Oct 1, 2019

Judge upholds Harvard's race conscious admissions process

Harvard University campus. Photo: Brooks Kraft/Corbis via Getty Images

A federal judge on Tuesday ruled in favor of Harvard’s race conscious admissions process, finding that the university did not discriminate against Asian American applicants.

Why it matters: The long-awaited decision reaffirms an admissions process that considers race and how diversity should influence the makeup of an incoming class. The ruling, which could be appealed, may impact recruitment programs and financial aid.

Background: Students for Fair Admissions filed a lawsuit in 2014, arguing that Harvard's admissions office holds Asian Americans to a higher standard and uses a subjective "personal rating" to limit their admission to the elite Ivy League school.

  • Lawyers for Harvard argued that Asian American applicants do not get penalized, but that black and Latin American students do sometimes get a “tip” when admissions officers are awarding an overall score for applicants.
  • The ruling said that the anti-affirmative action challenger did not present "a single admissions file that reflected discriminatory animus." The school’s admissions process is sound with Supreme Court precedents and does not violate federal civil rights law, the judge found.
"Removing considerations of race and ethnicity from Harvard’s admissions process entirely would deprive applicants, including Asian American applicants, of their right to advocate the value of their unique background, heritage, and perspective."
— U.S. District Judge Allison Burroughs

The big picture: When Harvard was forced to reveal its secret method during trial, it revealed that it gave Asian American applicants lower ratings on average than applicants of other races in categories that included "positive personality" and being "widely respected," per an analysis of more than 160,000 student records.

  • Americans have long shown a dislike for considering race and ethnicity in the college admissions process. A survey from the Pew Research Center in February found that 73% of Americans believe it should not be a factor.

Between the lines: The admissions process is just as much about admitting Ivy League legacies, children of big donors and athletes as pitting Asian Americans up against Latino and black applicants.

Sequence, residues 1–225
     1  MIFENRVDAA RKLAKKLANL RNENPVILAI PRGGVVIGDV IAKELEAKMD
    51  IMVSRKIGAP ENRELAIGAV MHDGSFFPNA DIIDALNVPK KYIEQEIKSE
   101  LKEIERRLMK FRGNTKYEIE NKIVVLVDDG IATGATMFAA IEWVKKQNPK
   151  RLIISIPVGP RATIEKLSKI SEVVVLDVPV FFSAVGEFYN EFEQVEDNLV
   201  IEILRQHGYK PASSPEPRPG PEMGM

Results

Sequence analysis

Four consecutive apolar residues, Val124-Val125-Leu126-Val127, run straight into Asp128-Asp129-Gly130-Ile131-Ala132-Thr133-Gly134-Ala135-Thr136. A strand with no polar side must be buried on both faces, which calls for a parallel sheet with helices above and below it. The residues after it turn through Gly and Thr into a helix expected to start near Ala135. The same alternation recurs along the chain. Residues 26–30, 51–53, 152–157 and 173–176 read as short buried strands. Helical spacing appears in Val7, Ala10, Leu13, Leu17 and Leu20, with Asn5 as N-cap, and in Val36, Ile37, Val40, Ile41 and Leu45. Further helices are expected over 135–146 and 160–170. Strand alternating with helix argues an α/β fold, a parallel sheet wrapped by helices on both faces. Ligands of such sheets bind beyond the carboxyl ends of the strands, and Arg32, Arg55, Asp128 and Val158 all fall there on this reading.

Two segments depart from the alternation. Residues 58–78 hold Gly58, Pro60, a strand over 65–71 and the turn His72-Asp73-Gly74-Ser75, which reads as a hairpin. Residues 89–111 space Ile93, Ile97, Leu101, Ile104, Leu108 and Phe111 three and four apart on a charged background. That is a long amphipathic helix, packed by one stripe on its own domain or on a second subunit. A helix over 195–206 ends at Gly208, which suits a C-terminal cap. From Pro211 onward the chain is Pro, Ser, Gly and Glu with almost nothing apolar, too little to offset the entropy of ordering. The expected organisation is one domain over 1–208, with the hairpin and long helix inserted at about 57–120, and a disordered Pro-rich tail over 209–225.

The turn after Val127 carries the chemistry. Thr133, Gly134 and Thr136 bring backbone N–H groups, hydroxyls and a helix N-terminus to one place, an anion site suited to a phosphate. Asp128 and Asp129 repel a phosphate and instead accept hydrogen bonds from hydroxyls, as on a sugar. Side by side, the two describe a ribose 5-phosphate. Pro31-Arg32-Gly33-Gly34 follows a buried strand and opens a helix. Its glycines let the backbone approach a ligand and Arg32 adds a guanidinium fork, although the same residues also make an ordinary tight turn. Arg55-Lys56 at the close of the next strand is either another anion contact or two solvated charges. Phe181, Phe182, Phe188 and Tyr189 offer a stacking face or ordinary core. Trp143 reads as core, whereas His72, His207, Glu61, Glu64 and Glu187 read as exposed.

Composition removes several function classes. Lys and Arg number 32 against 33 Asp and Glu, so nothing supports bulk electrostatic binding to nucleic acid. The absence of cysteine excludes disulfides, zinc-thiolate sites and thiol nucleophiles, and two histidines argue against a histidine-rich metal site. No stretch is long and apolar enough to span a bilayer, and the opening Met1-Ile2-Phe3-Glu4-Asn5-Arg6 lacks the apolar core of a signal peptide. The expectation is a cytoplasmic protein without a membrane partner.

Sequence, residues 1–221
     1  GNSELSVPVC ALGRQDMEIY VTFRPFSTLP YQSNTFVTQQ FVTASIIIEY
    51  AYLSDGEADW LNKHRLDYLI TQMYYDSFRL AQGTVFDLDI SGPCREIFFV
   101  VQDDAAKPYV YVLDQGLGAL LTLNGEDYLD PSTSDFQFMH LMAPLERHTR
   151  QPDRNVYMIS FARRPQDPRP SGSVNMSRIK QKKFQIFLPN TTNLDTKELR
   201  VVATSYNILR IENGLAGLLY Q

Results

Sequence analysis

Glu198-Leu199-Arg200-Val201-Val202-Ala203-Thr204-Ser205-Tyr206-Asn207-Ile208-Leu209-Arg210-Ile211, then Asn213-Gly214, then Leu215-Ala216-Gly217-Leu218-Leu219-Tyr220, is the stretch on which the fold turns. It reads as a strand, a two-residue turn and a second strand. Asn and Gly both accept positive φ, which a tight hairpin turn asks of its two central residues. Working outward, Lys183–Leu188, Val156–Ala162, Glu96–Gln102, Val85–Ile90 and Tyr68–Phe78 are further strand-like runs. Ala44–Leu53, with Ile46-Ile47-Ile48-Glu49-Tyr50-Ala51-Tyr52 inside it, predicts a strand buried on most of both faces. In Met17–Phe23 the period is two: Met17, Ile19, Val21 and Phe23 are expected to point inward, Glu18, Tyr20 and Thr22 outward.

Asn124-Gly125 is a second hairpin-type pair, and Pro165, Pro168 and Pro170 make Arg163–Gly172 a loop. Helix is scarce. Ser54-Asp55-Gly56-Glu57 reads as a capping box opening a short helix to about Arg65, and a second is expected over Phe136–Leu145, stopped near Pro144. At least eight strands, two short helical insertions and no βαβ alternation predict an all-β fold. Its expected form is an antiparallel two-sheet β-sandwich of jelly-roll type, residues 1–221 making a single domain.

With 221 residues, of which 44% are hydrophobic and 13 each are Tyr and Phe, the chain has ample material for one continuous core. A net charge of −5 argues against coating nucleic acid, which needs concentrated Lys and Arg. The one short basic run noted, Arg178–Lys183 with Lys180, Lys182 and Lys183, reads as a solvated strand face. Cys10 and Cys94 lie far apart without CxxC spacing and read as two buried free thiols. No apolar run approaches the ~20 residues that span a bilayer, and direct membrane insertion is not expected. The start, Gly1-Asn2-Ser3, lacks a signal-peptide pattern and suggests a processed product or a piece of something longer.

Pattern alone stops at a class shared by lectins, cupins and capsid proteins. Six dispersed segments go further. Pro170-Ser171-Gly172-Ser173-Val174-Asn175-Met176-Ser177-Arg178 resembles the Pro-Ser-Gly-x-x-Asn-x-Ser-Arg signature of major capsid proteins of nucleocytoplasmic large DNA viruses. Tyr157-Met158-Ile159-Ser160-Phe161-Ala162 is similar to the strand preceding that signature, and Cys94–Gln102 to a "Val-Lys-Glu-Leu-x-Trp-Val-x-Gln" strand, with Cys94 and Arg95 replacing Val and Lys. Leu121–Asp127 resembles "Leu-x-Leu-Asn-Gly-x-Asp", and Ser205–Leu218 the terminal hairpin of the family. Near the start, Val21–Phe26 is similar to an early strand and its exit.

What they're saying: House Education and Labor chairman and Harvard grad Bobby Scott (D-Va) supported the district court's decision, saying in a statement that it it "affirms the constitutionality of admissions policies that recognize that there is a compelling interest in advancing a diverse student body."

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Harvard graduate student union votes to authorize strike action

Harvard. Photo: Scott Eisen/Getty Images

More than 90% of Harvard University's unionized graduate student workers voted Friday to authorize a strike at a date to be set after member town halls are held, the Harvard Crimson reports.

The big picture: Union negotiators said they'd reached an impasse with Harvard after a year of talks on issues including "pay, benefits, and protections from discrimination and harassment," according to the Boston Globe. Harvard said a strike was "unwarranted," per the Globe.

Go deeper: Judge upholds Harvard's race conscious admissions process

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Actress Lori Loughlin and 10 others face bribery charges

Actress Lori Loughlin exits the John Joseph Moakley U.S. Courthouse after appearing in Federal Court on April 3 in Boston, Mass. Photo: Paul Marotta/Getty Images

Eleven defendants in the college admissions scandal, including "Full House" actress Lori Loughlin and her husband Mossimo Giannulli, now face bribery charges in addition to their indictments of conspiring to commit fraud and money laundering, NBC News reports.

Why it matters: The parents could now be looking at even more serious sentences. Loughlin and Giannulli have been accused of paying $500,000 in bribes to get their daughters into the University of Southern California as crew team recruits, despite neither having previously participated in the sport.

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Keep ReadingArrowOct 22, 2019

Timeline: The major developments in the college admissions scandal

Michelle Janavs, whose family owns food manufacturing company Chef America, maker of Hot Pockets. Photo:
Boston Globe / Contributor

In what Department of Justice prosecutors have called the biggest admissions scam in U.S. history, parents allegedly bribed coaches and paid for forged standardized tests in a conspiracy to get their children into elite American colleges.

Driving the news: Michelle Janavs, whose family created Hot Pockets, was sentenced on Tuesday to five months in prison for agreeing to pay $300,000 in bribes to get her two daughters into universities.

Go deeperArrowUpdated Feb 25, 2020 - Economy & Business